Quebecers are ending 2022 squeezed like lemons. Unfortunately, 2023 will give them no respite! Food, gasoline, electricity... The Journal has gone over what could cost you more in the coming year.
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After an 11% increase in 2022, soaring food prices will continue in 2023. They will increase by 5 to 7%, according to the latest “Annual Food Price Report” published by four Canadian universities. According to the researchers, a family of four will therefore have to pay $1,000 more for food during the year. Dining out will also cost more. Restaurant menu prices rose some 7% in 2022, according to a report from Restaurants Canada, and are expected to continue rising in 2023.
The Quebec government has decided to limit the increase in Hydro-Quebec rates for residential customers to 3%. SMEs are however excluded from this measure and will suffer an increase of 6.4%, an increase quite similar to inflation for 2022.
Inflation has increased municipal spending by 6% in 2022, according to the Union des municipalités du Québec. The result: property tax increases across Quebec. Residential municipal taxes for Montrealers will increase by an average of 4.1% in 2023. In Quebec City, the increase will be 2.5%, 2.6% in Lévis and 2.9% in Laval. Taxpayers in Longueuil will see their taxes rise by 5.6% in 2023 and Sherbrooke residents by 3%.
Only a few percentage points for the rate of your home insurance, the increase will not be huge, explains Louis Cyr, insurance broker and risk manager. However, your home premium could increase substantially.
"Insurers will start to increase the limits," says Mr. Cyr. A house that was worth $200,000 a few years ago is now worth $300,000. Even if the rate does not increase, the premium will increase.
It should be remembered that the increases over the past three years have been substantial, in the order of 30 to 40%. Currently, the Quebec insurance market lacks competitiveness and insurers' profits are at their highest, says Mr. Cyr.
As for auto insurance, everything will depend on the price of auto parts, which have been constantly increasing lately. Will 2023 give us some respite?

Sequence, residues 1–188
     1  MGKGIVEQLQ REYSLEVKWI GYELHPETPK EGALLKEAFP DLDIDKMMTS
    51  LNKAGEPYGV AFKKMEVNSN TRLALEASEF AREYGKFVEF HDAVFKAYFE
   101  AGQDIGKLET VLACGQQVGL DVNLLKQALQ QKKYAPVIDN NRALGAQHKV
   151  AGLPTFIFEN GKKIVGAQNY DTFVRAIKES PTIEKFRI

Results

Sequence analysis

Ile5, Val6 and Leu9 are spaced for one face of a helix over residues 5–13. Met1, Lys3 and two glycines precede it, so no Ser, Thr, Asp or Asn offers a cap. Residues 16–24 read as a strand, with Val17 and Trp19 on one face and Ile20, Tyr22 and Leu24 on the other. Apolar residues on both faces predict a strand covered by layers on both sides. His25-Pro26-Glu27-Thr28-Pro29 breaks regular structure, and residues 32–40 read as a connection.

On the business side, we expect a continued increase. The global insurance market has to deal with ever more natural disasters.
Travel demand has been very strong, especially to Europe, this year. With the lifting of most health measures, travelers wanted to make up for lost time. But the offer for the flights reached only 75% of its historical capacity. The effect on prices was felt: travel agents noted an increase in airfares.
In 2023, the companies should restore 100% of supply and demand should return to a more normal level. Result: no significant price increase. Nevertheless, the inflation of recent years is not expected to subside. Prices in the sector have increased by 15 to 20% between 2019 and 2022, according to Mr. Côté.
Quebec limits to 3% the increase in the main rates which are indexed on January 1, 2023, namely those for driver's licenses and registration, the contribution paid in CHSLDs and the contribution for a single or semi-individual room in a center acute care hospital. The contribution rate to the Quebec Pension Plan will increase by 0.5% in 2023. At the federal level, the employment insurance contribution rate will increase by 3%.
In June 2022, motorists paid a record price at the pump: more than $2.20 per litre! If the price has since come back down, several analysts believe that the price could quickly rise again in 2023. Several factors are conspiring against motorists, including the ongoing war in Ukraine, the decline in the number of refineries in North America, the numerous gasoline taxes and the unjustified rise in retail margins at some gasoline outlets. Analyst Dan McTeague predicted a liter at $2.30 in January 2023, on mtlblog.com.